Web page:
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Russians accused of 'bombing' Georgia as violence escalates

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  • NEW: Georgia said Russian aircraft violated its airspace dropping 2 bombs on Kareli
  • NEW: Georgia's president: "A full-scale aggression has been launched"
  • Georgia launched military offensive to regain control of South Ossetia
  • Russian PM warned it will cause an unspecified retaliatory action
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TBLISI, Georgia (CNN) -- As Georgian troops launched a major military offensive Friday to regain control over the breakaway province of South Ossetia, the former Soviet republic's president accused Russia of bombing its territory.

Georgian troops in armoured personnel carriers deploy to support the campaign to regain control of South Ossetia.

Georgian troops fire rockets at seperatist South Ossetian troops from an unnamed location not far from Tskhinvali.

According to the Associated Press, Mikhail Saakashvili said in a televised statement that Russian aircraft bombed several Georgian villages and other civilian facilities.

He said there were injuries and damage to the buildings. "A full-scale aggression has been launched against Georgia," he said in a televised statement.

A Georgian official said seven people were hurt in the attack, AP reported.

Saakashvili urged Russia to immediately stop bombing Georgian territory. "Georgia will not yield its territory or renounce its freedom," he said.

Meanwhile, AP reported that Russian Prime Minister Vladimir Putin, speaking in televised remarks Friday during his trip to the opening of the Beijing Olympics, blamed Georgia for launching the effort to take control over South Ossetia and warned it would cause an unspecified retaliatory action. Video Watch more about the increased violence in Georgia »

The bombing charge came about an hour after Russia's ambassador to the United Nations brushed off a question about whether Russia would intervene militarily in a conflict between Georgia and its breakaway territory.

Violence in the former Soviet republic prompted an emergency session of the United Nations Security Council that lasted into Friday morning. The security council failed to issue a statement on the dramatic escalation of violence in a breakaway territory of the former Soviet republic of Georgia.

Meanwhile, Georgia's president also announced that his government will be calling up reservists as fighting continued to rage in South Ossetia's capital.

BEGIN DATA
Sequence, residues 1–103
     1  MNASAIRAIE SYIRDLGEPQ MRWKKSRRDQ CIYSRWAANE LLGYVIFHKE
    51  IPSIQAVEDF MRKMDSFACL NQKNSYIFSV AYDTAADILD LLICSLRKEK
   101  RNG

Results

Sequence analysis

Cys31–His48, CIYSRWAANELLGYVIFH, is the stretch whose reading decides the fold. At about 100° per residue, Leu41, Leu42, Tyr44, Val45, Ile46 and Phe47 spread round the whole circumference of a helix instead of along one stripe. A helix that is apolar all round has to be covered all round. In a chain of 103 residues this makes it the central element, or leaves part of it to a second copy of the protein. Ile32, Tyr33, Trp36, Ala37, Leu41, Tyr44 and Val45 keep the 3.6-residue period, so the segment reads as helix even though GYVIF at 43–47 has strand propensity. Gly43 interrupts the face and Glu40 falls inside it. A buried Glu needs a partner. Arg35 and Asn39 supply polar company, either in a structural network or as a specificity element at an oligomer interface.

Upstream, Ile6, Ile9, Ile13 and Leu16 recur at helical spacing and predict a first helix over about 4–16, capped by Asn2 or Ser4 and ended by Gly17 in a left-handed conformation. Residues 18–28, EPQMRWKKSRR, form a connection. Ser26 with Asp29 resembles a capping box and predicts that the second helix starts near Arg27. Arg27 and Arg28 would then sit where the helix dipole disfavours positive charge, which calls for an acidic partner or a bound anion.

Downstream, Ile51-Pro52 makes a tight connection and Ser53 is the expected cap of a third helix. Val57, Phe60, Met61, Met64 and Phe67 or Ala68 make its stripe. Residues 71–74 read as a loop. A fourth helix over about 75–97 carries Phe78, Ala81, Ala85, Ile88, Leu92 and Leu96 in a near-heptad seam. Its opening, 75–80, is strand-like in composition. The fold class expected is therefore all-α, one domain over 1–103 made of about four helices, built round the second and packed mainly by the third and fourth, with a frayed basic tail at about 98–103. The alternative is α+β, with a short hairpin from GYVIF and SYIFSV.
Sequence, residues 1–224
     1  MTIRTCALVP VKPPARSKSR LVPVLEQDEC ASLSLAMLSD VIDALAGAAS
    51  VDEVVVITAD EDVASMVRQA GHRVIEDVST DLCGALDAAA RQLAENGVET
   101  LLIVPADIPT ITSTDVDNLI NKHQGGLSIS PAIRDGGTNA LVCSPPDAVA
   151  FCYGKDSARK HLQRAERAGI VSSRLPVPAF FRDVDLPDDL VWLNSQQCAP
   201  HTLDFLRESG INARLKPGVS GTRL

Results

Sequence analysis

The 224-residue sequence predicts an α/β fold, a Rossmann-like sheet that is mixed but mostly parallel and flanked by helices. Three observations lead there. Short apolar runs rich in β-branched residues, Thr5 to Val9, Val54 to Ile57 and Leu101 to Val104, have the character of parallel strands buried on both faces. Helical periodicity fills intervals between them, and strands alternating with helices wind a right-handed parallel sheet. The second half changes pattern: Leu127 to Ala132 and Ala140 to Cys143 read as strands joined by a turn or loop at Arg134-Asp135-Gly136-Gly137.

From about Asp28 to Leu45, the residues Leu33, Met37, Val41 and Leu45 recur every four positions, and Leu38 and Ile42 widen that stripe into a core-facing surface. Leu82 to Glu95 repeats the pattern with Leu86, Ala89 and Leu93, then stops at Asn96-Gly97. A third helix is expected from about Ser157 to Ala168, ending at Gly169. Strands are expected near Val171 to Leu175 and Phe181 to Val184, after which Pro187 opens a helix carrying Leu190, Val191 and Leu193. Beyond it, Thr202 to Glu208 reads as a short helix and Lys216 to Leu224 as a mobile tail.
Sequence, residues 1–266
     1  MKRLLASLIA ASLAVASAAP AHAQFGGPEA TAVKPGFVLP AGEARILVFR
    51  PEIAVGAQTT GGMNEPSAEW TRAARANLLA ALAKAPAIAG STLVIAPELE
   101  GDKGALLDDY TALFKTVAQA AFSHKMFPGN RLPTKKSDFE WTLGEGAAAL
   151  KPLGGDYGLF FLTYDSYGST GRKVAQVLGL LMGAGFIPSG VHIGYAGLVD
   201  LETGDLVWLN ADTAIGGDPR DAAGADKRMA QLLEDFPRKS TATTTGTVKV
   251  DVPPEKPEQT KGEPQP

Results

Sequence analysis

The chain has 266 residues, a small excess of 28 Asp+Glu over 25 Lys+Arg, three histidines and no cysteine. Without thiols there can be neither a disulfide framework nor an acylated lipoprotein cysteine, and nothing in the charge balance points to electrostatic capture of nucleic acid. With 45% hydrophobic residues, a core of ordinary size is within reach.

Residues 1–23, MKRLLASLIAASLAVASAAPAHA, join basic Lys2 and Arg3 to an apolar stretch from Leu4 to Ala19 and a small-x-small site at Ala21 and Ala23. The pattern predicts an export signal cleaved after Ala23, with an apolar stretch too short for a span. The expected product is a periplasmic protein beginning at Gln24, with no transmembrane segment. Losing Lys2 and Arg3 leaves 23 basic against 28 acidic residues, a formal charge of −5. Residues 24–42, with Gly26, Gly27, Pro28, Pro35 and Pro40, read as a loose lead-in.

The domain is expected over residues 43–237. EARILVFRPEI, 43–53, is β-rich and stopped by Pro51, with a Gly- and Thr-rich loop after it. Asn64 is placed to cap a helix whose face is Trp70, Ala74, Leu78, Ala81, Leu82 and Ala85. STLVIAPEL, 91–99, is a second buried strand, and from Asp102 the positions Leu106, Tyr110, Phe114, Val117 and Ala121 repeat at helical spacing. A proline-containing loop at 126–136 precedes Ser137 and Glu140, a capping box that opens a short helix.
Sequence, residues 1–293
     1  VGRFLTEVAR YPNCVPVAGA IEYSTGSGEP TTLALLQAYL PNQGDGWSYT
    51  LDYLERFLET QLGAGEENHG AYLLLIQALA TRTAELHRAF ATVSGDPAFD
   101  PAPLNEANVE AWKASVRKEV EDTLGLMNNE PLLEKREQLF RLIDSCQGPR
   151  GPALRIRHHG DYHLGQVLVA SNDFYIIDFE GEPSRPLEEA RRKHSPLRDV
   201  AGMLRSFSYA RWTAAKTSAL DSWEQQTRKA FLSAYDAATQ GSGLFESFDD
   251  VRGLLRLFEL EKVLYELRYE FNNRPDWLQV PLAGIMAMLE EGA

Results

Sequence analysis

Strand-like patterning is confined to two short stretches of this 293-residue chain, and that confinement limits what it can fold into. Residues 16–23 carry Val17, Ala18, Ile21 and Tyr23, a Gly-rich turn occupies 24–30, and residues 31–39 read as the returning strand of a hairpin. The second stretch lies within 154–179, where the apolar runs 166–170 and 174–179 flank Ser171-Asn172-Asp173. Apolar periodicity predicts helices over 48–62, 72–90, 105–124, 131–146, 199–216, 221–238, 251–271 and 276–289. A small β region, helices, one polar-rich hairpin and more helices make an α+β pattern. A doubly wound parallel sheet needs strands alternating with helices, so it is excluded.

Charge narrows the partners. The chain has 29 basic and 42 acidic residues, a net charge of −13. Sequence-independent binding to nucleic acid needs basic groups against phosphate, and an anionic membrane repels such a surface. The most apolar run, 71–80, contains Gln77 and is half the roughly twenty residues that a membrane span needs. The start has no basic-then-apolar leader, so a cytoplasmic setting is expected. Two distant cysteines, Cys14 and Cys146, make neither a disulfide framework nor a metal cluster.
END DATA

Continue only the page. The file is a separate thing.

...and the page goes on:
Georgian forces launched fresh attacks into region late Thursday after a top government official said a unilateral cease-fire offer was met with artillery fire.

About 2,000 Georgian troops attempted to storm the breakaway territory's capital overnight and were regrouping south of the city, Tskhinvali, according to Russia's ITAR-TASS news agency.

Georgia's ambassador to the United Nations, Irakli Alasania, said that "Russia has become a party to the conflict." He said Russia has supported separatists in South Ossetia, a charge Russia dismissed.

Around 10 a.m. Friday, Georgia said Russian military aircraft violated Georgian airspace and dropped two bombs on Kareli, a part of Georgia that is about 50 miles northwest of the capital, Tblisi, and is not in the conflict zone, said Shota Utiashvili, spokesman for the Georgian Ministry of Interior. No casualties were reported, he said.

Georgian troops pushed into South Ossetia after separatists attacked Georgian soil, destroying one village and killing several civilians, soldiers and police officers, Alasania said.

Russia's ambassador to the United Nations, Vitaly Churkin, denied allegations that his country planned to intervene militarily. In comments to the Security Council, he decried the "blatant aggressive action of Georgia."

The latest developments follow a week of sporadic clashes between the Georgian central government and authorities in South Ossetia, which declared its independence from Georgia in the early 1990s after a bloody ethnic conflict between Georgians and Ossetians.

Alexander Lomaia, the secretary of Georgia's National Security Council, said his country had to act.

"The objective of the operation is to protect the civilian population, to ensure their security and then convince the separatists that there is not a military solution to this conflict," he said.

Lomaia said Georgian troops were responding proportionately to separatist mortar and artillery attacks on two villages -- attacks he said followed a Thursday evening cease-fire and call for negotiations by Georgian President Mikhail Saakashvili.

"There were up to 10 people killed, including peacekeepers and the peaceful population, and up to 23 people wounded, including four of them wounded quite badly," Lomaia said. But he said Georgia wants a peaceful solution to the conflict and is leaving the door open to negotiations and has offered the territory "the widest possible autonomy."

The official news agency of the South Ossetian government reported heavy shelling in the South Ossetian capital, Tskhinvali, that left dozens of buildings ablaze.

Lomaia said Georgian troops have no plans to reclaim control over the territory as part of the operation launched Thursday night -- but he said how far they advance "is really dependent on how the situation evolves on the ground."


"Obviously, there will be a moment when we will be forced to respond, we will be forced to advance in order to prevent such bombardment," he said. "But at the time being, there is no such aim of the operation."

Georgia, located on the Black Sea coast between Russia and Turkey, has been split by Russian-backed separatist movements in South Ossetia and another region, Abkhzia. Neither region's government has international recognition.

-- Journalist Elene Gotsadze contributed to this report.

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